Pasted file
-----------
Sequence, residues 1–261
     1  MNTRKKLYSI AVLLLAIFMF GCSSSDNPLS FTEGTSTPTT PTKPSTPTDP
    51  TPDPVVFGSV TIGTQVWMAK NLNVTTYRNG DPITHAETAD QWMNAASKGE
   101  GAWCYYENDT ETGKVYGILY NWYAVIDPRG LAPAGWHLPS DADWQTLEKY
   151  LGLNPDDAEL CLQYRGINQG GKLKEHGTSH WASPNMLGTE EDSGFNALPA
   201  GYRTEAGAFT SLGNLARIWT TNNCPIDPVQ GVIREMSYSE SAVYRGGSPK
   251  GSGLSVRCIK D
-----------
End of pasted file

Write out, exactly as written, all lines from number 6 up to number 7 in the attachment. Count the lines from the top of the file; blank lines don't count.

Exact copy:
   201  GYRTEAGAFT SLGNLARIWT TNNCPIDPVQ GVIREMSYSE SAVYRGGSPK
   251  GSGLSVRCIK D